Upgrading a property is an investment, but it can pay big dividends
We’ve all seen homeowners give their places a facelift before putting them up for sale. They paint rooms, swap out light fixtures and perform other upgrades to give the house more appeal to prospective buyers. Maybe we’ve done it ourselves.
So, what about commercial real estate? When someone gets ready to sell or lease an industrial, multifamily, retail, or other commercial property, do they spruce things up?
Some do, some don’t.
Trying to save money doesn’t always work
The ones who don’t upgrade usually reason they’d prefer to forego the fix-it-up expense and let the new buyer or tenant absorb whatever costs that process entails.
Sometimes that strategy works. But often, it backfires: The property sits idle with no prospects, costing the owner much more than the fixup costs might have.
A better plan of attack
I usually recommend doing whatever is necessary to sell or lease the property in a timely manner. For example, I once worked with a condominium owner who had four contiguous units for lease. They had been occupied by the same tenant for about 35 years and showed significant wear. The owner was reluctant to invest in an upgrade and, as a result, all the units sat vacant for about six months – no interest whatsoever.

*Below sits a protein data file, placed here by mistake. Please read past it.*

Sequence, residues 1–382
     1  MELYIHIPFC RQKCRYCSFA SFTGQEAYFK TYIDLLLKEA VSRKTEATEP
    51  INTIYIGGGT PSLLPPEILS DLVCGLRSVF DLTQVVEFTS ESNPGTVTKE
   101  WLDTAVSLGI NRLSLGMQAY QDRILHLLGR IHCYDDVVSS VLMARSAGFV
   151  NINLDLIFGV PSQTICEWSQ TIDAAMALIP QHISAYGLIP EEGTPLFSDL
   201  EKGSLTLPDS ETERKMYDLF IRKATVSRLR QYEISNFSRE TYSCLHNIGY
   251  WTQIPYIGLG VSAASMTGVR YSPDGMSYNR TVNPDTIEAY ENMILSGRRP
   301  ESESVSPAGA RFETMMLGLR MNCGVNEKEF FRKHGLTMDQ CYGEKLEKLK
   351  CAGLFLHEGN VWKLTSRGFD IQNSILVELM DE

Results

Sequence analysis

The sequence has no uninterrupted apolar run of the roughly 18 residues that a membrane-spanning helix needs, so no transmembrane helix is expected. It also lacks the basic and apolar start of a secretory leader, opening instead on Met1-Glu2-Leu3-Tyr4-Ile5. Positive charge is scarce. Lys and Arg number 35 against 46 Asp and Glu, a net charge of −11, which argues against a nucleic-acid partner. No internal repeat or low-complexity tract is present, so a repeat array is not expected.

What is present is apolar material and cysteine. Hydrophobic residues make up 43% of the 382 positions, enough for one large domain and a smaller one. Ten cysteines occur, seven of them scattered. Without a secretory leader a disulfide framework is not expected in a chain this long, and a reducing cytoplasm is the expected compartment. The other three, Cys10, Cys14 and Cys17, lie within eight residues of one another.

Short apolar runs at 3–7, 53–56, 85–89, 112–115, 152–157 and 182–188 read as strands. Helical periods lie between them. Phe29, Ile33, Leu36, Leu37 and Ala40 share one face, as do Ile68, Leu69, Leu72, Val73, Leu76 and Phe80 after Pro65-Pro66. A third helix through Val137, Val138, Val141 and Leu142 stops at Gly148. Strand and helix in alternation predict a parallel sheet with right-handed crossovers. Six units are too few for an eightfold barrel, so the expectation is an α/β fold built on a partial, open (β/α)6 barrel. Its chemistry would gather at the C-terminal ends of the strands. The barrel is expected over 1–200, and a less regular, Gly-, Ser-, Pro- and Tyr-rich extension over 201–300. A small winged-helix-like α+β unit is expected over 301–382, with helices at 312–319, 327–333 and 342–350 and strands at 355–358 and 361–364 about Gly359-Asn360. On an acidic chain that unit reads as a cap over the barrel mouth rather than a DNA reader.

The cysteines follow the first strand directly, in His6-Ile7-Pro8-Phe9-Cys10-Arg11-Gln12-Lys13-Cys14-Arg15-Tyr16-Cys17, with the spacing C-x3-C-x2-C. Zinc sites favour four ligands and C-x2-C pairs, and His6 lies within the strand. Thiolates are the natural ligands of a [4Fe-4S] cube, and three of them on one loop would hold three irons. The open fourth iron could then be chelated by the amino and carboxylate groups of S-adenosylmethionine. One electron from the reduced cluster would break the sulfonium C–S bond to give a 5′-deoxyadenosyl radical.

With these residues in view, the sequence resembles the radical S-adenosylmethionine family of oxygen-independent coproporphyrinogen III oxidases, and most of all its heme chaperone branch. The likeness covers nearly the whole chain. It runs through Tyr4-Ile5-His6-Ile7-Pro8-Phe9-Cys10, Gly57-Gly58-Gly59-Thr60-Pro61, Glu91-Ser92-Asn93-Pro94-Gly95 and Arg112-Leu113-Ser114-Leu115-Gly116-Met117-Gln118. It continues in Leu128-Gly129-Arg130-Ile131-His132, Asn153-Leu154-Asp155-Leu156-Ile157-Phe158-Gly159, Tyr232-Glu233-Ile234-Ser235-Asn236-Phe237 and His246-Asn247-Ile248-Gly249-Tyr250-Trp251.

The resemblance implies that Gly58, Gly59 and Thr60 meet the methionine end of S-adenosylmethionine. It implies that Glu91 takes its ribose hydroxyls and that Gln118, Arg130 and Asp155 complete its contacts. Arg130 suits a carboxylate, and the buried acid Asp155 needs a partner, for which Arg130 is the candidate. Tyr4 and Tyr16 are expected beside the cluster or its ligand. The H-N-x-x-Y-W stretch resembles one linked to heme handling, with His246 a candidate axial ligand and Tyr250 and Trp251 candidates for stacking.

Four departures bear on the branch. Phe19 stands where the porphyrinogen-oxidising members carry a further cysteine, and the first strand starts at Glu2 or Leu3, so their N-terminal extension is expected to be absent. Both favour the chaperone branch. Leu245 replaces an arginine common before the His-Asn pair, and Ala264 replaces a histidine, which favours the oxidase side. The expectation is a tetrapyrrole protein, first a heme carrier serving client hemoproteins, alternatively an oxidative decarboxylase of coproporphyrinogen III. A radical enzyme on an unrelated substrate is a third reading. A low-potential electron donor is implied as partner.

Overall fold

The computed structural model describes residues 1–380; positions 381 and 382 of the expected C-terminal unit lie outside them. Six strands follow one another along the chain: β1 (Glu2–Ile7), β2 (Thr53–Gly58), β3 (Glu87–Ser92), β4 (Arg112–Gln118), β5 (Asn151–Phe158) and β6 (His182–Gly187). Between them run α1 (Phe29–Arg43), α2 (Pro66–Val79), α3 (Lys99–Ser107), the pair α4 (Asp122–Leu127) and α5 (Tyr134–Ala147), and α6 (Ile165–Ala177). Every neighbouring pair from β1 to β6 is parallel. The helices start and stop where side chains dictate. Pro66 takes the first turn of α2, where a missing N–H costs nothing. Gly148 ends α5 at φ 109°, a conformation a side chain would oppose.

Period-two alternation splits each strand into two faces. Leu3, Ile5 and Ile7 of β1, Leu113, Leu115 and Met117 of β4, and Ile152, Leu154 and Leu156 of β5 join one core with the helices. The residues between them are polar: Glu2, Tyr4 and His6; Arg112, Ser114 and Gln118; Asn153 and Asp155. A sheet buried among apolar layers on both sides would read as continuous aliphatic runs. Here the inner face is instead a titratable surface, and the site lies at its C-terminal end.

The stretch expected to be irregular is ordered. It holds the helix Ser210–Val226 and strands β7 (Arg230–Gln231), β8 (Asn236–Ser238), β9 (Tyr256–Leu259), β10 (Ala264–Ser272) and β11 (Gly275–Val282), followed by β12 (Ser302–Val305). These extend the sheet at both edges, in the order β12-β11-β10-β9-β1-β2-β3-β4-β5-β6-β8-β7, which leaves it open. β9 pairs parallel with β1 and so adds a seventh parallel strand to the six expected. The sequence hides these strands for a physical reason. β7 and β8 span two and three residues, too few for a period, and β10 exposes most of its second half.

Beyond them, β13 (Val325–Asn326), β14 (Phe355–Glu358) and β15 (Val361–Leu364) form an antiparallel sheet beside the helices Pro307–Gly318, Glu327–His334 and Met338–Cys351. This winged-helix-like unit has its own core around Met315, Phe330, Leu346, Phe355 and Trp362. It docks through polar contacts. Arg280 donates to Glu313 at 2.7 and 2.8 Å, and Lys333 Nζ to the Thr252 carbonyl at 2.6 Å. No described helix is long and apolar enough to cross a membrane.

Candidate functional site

After a time, I talked to the owner about increasing the property’s appeal by performing some upgrades: removing the 1980s wallpaper, painting everything with a smooth finish, replacing the flooring. I also recommended swapping out the old bathroom fixtures, toilet, sink cabinet and hardware.
The owner completed this work and, after the first showing, he had all four units filled to three separate tenants. That’s the power of first impressions.
Besides making cosmetic changes, it can also help to make a commercial property more energy efficient. That includes upgrading incandescent light fixtures with modern ones that consume less energy, or installing plumbing fixtures that save on water.
Another improvement that creates positive first impressions is to make restrooms compliant with the Americans with Disabilities Act. Of course, that’s more expensive than applying a new coat of paint, but it often pays off in a quicker sale or lease.
It can also be helpful to upgrade vacant land to make it more marketable. I once had a five-acre lot listed; it was zoned agricultural but was in an up-and-coming area. We considered changing the zoning to commercial to increase the number of potential buyers. An upgrade doesn’t always have to be physical.
A worthwhile investment
I enjoy helping commercial real estate property owners understand the market, mitigate risks related to their specific asset and implement the necessary actions to achieve their investment goals. So yes, I do encourage my clients to look at how they might increase the marketability of their offerings. It may cost time and money up front, but it’s usually worth it in the long run.
Diane Lawson, CCIM
Senior Investment Advisor
941-780-6136 / Diane.Lawson@svn.com